Encouraged by these early experiments, the Human Genome Project got underway in 1990 and was initially funded by the Department of Energy and the National Institutes of Health in the United States. Their laboratories were joined by over 20 collaborating institutions from across the globe, including from the United Kingdom, France, Germany, Japan and China [153]. In 2003 the International Human Genome Sequencing Consortium announced that its project was complete—2 years ahead of schedule, under budget, and with 99.99% accuracy.46

The success of the Human Genome Project resulted from the convergence of science, technology and society in recording one entire human DNA sequence—around 3 billion letters of genetic code. This is the code that opened doors to improved understanding of human health as well as the detection and diagnosis of many diseases.

An important accelerator was a meeting in 1996 of representatives from sequencing centres around the world. At that meeting in Bermuda, scientists committed to make genomic data publicly available prior to publishing their findings in a scientific journal. Agreement on that principle was among the major achievements of the Human Genome Project and has, it is argued, had as much influence as the sequencing outputs themselves.47 Over the years, sharing of genomic data has become a more established practice and biological research has exploded. The practice of data sharing demonstrated the enormous capacity of the research community to mobilise—a shift in how scientists work together as a global community to create knowledge.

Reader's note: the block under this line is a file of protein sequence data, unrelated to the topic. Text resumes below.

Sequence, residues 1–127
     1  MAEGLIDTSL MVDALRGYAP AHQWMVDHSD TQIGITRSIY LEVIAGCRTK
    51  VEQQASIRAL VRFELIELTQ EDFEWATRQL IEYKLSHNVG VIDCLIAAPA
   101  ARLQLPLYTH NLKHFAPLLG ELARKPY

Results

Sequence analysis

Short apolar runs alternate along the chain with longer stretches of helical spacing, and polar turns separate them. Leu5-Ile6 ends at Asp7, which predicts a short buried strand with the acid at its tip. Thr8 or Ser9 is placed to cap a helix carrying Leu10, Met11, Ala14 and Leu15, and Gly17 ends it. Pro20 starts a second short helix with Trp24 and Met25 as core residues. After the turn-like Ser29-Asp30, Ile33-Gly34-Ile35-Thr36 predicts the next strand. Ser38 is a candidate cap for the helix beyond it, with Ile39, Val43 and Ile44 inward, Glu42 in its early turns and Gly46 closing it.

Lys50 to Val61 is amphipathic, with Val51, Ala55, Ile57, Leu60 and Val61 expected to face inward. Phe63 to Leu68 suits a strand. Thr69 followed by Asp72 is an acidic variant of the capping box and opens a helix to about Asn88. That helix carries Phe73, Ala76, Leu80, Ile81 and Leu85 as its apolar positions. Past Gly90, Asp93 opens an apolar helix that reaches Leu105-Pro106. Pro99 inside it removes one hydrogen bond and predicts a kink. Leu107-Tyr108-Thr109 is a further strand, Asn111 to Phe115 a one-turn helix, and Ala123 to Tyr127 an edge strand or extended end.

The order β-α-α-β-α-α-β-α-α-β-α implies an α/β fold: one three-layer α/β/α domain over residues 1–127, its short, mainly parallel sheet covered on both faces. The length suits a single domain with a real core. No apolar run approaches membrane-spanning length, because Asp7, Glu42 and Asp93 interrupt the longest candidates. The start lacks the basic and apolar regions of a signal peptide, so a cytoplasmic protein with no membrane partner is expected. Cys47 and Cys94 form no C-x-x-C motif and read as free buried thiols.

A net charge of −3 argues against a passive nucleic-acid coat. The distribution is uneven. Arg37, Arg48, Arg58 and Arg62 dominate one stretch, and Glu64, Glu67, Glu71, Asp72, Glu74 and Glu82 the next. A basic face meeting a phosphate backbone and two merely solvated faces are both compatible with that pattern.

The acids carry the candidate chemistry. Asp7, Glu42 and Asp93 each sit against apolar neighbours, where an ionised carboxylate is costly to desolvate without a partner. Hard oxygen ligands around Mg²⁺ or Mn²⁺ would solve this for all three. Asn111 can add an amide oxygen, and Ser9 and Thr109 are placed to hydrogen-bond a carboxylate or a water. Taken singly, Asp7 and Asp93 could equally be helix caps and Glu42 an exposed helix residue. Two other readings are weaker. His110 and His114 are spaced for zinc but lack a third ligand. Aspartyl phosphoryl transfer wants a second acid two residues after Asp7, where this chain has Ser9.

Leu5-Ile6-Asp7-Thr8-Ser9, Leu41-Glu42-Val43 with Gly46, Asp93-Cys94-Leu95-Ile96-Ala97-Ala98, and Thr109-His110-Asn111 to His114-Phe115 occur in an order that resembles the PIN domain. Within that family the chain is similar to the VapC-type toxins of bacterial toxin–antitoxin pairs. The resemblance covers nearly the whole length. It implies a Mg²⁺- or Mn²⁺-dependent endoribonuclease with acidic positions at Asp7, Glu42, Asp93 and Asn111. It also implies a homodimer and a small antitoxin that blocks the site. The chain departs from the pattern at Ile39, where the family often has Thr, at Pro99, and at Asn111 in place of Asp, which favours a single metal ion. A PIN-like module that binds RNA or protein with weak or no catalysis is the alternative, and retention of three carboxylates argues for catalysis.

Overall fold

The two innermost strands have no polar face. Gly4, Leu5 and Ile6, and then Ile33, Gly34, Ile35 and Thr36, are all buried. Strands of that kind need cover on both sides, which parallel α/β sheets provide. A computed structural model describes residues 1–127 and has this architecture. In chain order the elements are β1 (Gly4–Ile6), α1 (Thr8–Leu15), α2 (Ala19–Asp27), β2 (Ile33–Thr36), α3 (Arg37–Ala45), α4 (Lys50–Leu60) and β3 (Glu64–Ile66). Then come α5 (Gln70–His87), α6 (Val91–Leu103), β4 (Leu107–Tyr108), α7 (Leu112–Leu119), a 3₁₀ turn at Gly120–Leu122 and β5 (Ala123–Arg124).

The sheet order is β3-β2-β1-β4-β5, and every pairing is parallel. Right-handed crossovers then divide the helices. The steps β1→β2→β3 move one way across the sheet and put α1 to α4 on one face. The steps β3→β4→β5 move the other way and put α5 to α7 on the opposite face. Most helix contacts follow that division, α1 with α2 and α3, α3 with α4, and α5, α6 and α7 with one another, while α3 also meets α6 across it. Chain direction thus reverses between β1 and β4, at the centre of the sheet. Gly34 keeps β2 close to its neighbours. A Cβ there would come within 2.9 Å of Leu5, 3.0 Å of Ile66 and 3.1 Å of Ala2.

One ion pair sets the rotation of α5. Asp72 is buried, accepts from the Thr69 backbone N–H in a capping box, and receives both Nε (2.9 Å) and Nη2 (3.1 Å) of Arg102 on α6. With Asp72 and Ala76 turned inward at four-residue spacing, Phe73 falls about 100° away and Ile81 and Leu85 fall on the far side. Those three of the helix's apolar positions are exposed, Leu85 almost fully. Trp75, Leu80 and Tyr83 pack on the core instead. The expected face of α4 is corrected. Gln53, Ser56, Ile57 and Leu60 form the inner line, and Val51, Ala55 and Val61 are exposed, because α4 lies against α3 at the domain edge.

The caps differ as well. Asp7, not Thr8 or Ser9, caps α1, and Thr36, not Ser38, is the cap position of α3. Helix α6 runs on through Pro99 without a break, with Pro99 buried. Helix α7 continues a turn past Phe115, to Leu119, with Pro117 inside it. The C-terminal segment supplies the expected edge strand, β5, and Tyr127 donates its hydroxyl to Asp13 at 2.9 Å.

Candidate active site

The commitment to data sharing resulted from a fierce battle over the nature and ownership, and ultimately control, of the human genome. Two years after the Bermuda meeting a private gene sequencing company called Celera Genomics was set up in California. Celera owned a sizeable number of genome sequencing machines and aimed to build its own human genomic database, which it would only make available to subscribers. Celera also intended to claim ownership of 300 clinically-important genes and, at some stage, filed over 6000 patent applications to this end.48 The emergence of this powerful competitor created a fresh impetus for the Human Genome Project. In the United Kingdom, one of the key scientists in the field later suggested that ‘it has not been a race but a battle to ensure that the tools to speed biomedical research were available to all’ [155].